This is an interesting moment for constitutional law. Are there limits to the commerce clause? What is the balance of Federal vs. State power? But this is an awful conversation for thinking about reasonable health-insurance and health-care regulation.
The central constitutional weakness of the law is the "individual mandate." We're all supposed to buy insurance, and if we don't we pay a penalty. So everyone is hot and bothered discussing the mandate. But the mandate is far from the central economic problem with the law. So, as a country, we're like a squabbling couple, fighting over who should do the dishes, when the real problem is "why did you buy that stupid boat?"
Thinking of modifications to the law that make it constitutional are a pretty bad guide to modifications that make it better (less disastrous) economic policy.
For example, the consensus seems to be that a complete government takeover would be constitutional. After all, medicare is, so far, constitutional; so "medicare for all" would likely survive in the Supreme court. The states have the "police power" to impose mandates. And if the Administration had just had the courage to call it a "tax," the constitutional fight would be over. I don't think opponents have any of these outcomes in mind. Be careful what you wish for, you just might get it!
I noticed a gaping hole in the arguments: If not this, then what? The law wants "necessary and proper." The opponents seemed pretty strong on the (im) "proper" part, but not so good on the (un) "necessary" part. The Republicans say "repeal and replace" but not very clearly with what. The Administration's argument that health care and insurance markets are pretty dysfunctional went unanswered. This exchange (from the transcript at NPR) sums it up:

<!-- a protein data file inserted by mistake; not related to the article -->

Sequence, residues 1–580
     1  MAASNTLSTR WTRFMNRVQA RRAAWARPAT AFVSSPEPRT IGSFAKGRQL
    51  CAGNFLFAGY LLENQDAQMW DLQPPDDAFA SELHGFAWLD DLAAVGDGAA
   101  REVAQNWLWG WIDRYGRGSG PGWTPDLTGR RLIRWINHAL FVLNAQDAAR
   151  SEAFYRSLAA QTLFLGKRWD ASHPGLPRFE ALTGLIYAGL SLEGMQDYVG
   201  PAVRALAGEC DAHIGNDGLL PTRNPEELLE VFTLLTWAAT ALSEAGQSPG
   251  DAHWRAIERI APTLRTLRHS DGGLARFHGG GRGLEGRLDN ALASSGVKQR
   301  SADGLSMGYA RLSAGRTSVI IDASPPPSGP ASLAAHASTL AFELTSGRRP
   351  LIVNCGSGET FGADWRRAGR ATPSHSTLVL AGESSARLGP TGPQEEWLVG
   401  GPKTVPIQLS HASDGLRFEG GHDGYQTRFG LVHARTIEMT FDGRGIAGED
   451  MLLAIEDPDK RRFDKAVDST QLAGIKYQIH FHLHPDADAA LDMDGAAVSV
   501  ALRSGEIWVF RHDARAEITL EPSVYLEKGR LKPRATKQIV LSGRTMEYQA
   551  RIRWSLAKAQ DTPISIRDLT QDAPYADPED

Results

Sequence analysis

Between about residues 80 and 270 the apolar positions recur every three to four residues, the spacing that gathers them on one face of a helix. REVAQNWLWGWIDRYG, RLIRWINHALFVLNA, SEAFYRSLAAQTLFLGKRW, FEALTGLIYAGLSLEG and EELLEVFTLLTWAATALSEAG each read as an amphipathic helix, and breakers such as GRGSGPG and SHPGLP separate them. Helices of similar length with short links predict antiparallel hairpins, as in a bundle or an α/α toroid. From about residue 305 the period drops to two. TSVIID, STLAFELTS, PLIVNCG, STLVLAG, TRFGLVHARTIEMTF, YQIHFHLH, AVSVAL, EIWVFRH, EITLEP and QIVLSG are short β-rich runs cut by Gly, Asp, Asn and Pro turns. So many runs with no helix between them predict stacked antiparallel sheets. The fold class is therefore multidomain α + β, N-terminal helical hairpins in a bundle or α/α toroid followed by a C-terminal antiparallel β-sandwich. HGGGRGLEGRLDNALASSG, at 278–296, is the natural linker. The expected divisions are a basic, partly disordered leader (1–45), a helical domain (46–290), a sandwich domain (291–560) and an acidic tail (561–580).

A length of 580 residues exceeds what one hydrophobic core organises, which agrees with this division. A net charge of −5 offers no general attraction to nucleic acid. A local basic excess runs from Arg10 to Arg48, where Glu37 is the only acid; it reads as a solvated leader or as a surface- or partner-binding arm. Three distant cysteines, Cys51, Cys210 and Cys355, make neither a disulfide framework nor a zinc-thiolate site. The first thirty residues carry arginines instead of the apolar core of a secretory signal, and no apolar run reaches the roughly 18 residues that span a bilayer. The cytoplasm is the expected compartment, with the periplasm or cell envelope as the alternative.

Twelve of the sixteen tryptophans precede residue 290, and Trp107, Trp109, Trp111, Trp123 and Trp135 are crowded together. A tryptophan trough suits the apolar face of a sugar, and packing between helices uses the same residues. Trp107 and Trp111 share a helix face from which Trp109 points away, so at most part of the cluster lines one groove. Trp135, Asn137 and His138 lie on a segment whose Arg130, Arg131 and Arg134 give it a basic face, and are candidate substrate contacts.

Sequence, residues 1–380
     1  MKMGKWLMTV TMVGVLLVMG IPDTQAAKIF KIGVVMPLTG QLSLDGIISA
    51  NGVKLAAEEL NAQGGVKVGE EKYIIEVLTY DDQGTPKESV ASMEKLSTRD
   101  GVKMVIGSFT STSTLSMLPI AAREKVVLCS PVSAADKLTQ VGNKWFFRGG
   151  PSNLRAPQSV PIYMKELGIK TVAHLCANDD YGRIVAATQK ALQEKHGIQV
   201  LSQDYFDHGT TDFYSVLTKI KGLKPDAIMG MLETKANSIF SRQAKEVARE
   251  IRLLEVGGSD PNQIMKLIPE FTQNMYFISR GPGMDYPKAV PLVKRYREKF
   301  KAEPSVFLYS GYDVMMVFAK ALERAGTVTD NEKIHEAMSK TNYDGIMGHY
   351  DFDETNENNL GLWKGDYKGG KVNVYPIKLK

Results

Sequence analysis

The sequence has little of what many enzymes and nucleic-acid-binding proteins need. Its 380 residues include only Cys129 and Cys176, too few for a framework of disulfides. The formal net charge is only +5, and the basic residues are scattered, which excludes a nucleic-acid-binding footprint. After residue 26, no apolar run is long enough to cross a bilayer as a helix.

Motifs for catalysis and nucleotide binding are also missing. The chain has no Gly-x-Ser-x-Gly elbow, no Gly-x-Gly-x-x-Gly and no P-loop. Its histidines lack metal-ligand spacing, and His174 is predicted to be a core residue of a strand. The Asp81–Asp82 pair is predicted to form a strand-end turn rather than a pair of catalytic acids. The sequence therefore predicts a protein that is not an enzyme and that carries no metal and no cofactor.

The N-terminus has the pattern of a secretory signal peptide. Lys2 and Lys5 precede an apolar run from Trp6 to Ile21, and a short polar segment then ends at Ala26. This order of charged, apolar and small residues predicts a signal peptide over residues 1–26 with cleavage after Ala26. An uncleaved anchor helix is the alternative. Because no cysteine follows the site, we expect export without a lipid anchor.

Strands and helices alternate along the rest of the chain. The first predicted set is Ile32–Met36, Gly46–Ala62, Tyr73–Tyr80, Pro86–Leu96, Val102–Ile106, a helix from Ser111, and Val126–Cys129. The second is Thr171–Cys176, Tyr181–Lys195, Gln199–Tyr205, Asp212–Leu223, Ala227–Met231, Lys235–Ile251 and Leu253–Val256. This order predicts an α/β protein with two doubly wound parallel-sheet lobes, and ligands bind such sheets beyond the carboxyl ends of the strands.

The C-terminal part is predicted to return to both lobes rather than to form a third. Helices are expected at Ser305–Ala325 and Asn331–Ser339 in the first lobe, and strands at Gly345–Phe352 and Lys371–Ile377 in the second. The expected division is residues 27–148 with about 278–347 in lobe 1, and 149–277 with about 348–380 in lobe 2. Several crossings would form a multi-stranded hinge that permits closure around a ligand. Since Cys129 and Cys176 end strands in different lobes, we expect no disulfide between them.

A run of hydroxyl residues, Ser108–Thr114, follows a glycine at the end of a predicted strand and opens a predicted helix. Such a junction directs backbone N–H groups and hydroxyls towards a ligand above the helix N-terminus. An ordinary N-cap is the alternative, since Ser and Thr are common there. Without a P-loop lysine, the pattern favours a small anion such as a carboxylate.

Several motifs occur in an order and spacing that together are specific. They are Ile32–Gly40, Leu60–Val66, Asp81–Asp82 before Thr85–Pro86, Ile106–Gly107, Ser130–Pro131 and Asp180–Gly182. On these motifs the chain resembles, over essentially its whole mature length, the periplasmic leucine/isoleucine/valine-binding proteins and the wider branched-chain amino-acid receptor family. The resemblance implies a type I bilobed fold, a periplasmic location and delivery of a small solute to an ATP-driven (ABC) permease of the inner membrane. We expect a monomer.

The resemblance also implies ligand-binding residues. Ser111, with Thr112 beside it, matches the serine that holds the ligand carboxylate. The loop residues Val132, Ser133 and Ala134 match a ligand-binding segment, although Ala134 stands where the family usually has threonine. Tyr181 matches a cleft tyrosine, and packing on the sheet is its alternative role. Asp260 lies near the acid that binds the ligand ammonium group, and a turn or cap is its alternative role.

GENERAL VERRILLI: ...what matters here is whether Congress is choosing a tool that's reasonably adapted to the problem that Congress is confronting. ....In other places the justices seemed pretty nervous about just throwing out the law and leaving the country in a mess. Though in principle im-"proper" should be enough, it would have been more convincing with a clear statement that reasonable alternatives to the whole mess exist.
JUSTICE SCALIA: Wait. That's — that's -it's both "Necessary and Proper." What you just said addresses what's necessary.... But in addition to being necessary, it has to be proper. And we've held in two cases that something that was reasonably adapted was not proper because it violated the sovereignty of the States, which was implicit in the constitutional structure.
As blog readers will have guessed, I think the central problem is pathology of previous legislation and regulation, and the answer is competition and deregulation. (Links below) I was interested that Solicitor General Verilli also pretty clearly blamed the dysfunction of the health care market on...previous legislation and regulation! From his opening statements:
.. for more than 40 million Americans who do not have access to health insurance either through their employer or through government programs such as Medicare or Medicaid, the system does not work. Those individuals must resort to the individual market, and that market does not provide affordable health insurance.
It does not do so ..because the multibillion dollar subsidies that are available for the.. employer market are not available in the individual market... That is an economic problem.No, that's a regulatory problem! But if "multibillion dollar subsidies" for the employer-based group market are what killed the individual market, maybe, just maybe, the answer is to get rid of those subsidies?
Economists left, right and center have bemoaned the effects of the tax deduction for employer-provided group insurance. If your employer or you contribute to an individual plan, which you can take with you from job to job, and has guarantees that you won't be dropped if you get sick, it's not tax deductible.
Why is individual health insurance "unaffordable?" Because both Federal and State regulators have salted it up with mandated coverage that people wouldn't buy on their own. Young, healthy, uninsured need simple catastrophic coverage, or even just a contract that allows them to buy insurance later if they need it. They can't buy it because it's regulated out of existence.
Those same people could pay cash for their non-catastrophic expenses. In a functioning market, like car repair, or vet services for your dog, you can pay cash and receive services. Lack of insurance is only a problem for a small sliver of people who don't have enough money for an unexpectedly large needed service. But it's essentially impossible to just pay for health care. As Solicitor General Virilli pointed out